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    Older Learners in SLA Research: A First Look at Working Memory, Feedback, and L2 Development

    Mackey, Alison, Sachs, Rebecca
    Language Learning, September 2012, Vol.62(3), pp.704-740 [Revue évaluée par les pairs]

    • Dissertation
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    Individual differences and the effectiveness of visual feedback on reflexive binding in L2 Japanese

    Sachs, Rebecca
    ProQuest Dissertations and Theses
    © ProQuest LLC All rights reserved, ProQuest Dissertations & Theses Global: The Humanities and Social Sciences Collection, ProQuest Dissertations and Theses Global A&I: The Humanities and Social Sciences Collection, Publicly Available Content Database, ProQuest Dissertations & Theses Full Text, ProQuest Dissertations & Theses A&I, ProQuest Dissertations & Theses: Global, ProQuest Central (new), ProQuest Central Korea, ProQuest Central Essentials, ProQuest One Academic
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    Titre: Individual differences and the effectiveness of visual feedback on reflexive binding in L2 Japanese
    Auteur: Sachs, Rebecca
    Contributeur: Mackey, Alison (advisor); Leow, Ronald (committee member); Revesz, Andrea (committee member)
    Editeur: ProQuest Dissertations Publishing
    Date: 2011
    Sujet: Linguistics ; Foreign Language ; Linguistics ; Foreign Language ; Education ; Language, Literature and Linguistics ; Aptitude ; Feedback ; Individual Differences ; Japanese ; Japanese As a Second Language ; Reflexives ; Second Language Learning
    Description: Second language acquisition research into the effects of corrective feedback has investigated a variety of learning targets using a wide range of implicit and explicit feedback types (Li, 2010). To date, however, its linguistic focus has been limited to theoretically noticeable surface features (Carroll, 2001; Schmidt, 2001), and researchers have only recently begun to explore how individual differences might influence the effectiveness of particular feedback techniques (Robinson, 2005). This dissertation examines whether metalinguistic feedback presented in a visual format can help English-speaking learners improve their accuracy in interpreting the Japanese reflexive zibun (‘self’), whose binding behavior involves structural characteristics (e.g., c-command, subjecthood) not overtly represented in surface morphosyntax. Both positive and negative evidence may be necessary since, unlike English himself, Japanese zibun allows long-distance antecedents while disallowing non-subject antecedents...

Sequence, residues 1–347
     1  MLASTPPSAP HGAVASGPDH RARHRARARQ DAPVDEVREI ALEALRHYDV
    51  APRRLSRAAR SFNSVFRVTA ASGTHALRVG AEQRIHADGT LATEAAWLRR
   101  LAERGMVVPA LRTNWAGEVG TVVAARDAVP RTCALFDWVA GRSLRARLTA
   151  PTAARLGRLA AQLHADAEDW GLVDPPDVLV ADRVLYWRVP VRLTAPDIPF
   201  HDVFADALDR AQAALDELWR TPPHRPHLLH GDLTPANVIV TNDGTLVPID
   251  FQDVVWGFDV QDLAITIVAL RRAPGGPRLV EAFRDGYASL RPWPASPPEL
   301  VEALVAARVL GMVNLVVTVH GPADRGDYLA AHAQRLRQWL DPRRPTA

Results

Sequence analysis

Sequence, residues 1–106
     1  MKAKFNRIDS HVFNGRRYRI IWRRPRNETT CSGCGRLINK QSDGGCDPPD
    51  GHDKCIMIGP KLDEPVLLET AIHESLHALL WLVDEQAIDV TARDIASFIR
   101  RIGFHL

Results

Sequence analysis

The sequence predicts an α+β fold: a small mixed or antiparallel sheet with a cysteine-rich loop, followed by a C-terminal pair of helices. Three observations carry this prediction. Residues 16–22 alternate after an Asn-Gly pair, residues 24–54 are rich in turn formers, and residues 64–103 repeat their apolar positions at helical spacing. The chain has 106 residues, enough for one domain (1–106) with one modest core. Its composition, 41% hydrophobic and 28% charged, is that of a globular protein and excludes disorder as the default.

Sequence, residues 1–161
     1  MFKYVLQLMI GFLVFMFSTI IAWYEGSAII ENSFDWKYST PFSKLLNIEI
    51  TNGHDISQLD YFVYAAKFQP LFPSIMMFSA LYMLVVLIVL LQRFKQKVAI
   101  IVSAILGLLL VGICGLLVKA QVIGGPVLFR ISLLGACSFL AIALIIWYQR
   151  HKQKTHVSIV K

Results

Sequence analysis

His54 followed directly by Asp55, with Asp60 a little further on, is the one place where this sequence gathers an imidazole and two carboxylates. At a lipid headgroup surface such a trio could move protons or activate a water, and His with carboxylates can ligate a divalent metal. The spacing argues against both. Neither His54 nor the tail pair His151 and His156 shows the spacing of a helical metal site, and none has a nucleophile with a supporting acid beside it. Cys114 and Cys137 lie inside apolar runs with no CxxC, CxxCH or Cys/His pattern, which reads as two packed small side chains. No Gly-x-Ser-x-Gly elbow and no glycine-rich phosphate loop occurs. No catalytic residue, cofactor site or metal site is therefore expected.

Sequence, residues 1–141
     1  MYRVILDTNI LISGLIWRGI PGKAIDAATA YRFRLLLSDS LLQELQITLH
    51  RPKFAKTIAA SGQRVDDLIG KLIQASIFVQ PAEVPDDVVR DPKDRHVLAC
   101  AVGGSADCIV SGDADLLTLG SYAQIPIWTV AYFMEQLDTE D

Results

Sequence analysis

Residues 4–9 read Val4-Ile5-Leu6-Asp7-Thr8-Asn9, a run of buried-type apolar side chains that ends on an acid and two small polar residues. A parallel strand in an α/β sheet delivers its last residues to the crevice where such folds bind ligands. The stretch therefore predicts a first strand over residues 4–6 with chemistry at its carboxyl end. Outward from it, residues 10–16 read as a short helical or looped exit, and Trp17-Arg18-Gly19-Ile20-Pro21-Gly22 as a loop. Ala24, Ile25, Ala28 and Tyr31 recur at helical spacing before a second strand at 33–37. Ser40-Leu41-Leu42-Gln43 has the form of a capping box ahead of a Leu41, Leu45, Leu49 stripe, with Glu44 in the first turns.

Fait partie de: ProQuest Dissertations and Theses
    Identifiant: 978-1-124-60222-6 (ISBN)

    • Dissertation
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    Development of conscious knowledge during early incidental learning of L2 syntax

    Hamrick, Phillip
    ProQuest Dissertations and Theses
    © ProQuest LLC All rights reserved, ProQuest Dissertations & Theses Global: The Humanities and Social Sciences Collection, ProQuest Dissertations & Theses Global: The Sciences and Engineering Collection, Linguistics and Language Behavior Abstracts, ProQuest Dissertations and Theses Global A&I: The Humanities and Social Sciences Collection, ProQuest Dissertations and Theses Global A&I: The Sciences and Engineering Collection, Linguistics Database, ProQuest Dissertations & Theses Full Text, ProQuest Dissertations & Theses A&I, Linguistics & Language Behavior Abstracts (LLBA), ProQuest Social Sciences Premium Collection, ProQuest Dissertations & Theses: Global, Linguistics Collection, ProQuest Central (new), ProQuest Central Korea, Social Science Premium Collection, ProQuest One Academic
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    Titre: Development of conscious knowledge during early incidental learning of L2 syntax
    Auteur: Hamrick, Phillip
    Contributeur: Mackey, Alison (advisor); Rebuschat, Patrick (committee member); Sachs, Rebecca (committee member); Sanz, Cristina (committee member)
    Editeur: ProQuest Dissertations Publishing
    Date: 2013
    Sujet: Linguistics ; Cognitive Psychology ; Linguistics ; Cognitive Psychology ; Language, Literature and Linguistics ; Psychology ; Awareness ; Explicit Knowledge ; Incidental Learning ; Memory ; Second Language Acquisition ; Syntax
    Description: Second language acquisition (SLA) researchers have a long-standing interest in the effectiveness of providing learners with conscious knowledge (CK) through explicit instruction (e.g., Sanz & Morgan-Short, 2004); however, little is known about how CK develops under incidental learning conditions, without pedagogical intervention. In two experiments, the present dissertation addresses this gap by exploring the development of conscious knowledge of L2 syntax under incidental learning conditions, focusing on: (a) the mechanisms of L2 syntactic development and (b) the development of conscious knowledge of L2 syntax over time. Experiment 1 addressed the mechanisms supporting L2 syntactic development under incidental learning conditions. Computational simulations of behavioral results indicated that Experimental participants who read sentences from a semiartificial language with probabilistic syntax in a moving-window paradigm learned via chunking mechanisms. Experiment 2 extended these findings,...
    Fait partie de: ProQuest Dissertations and Theses
    Identifiant: 978-1-303-02955-4 (ISBN)

    • Plusieurs versions

    Book Review

    Mackey, Alison, Sachs, Rebecca
    Language and Education, 15 July 2005, Vol.19(4), pp.355-357 [Revue évaluée par les pairs]
    Taylor & Francis (Taylor & Francis Group)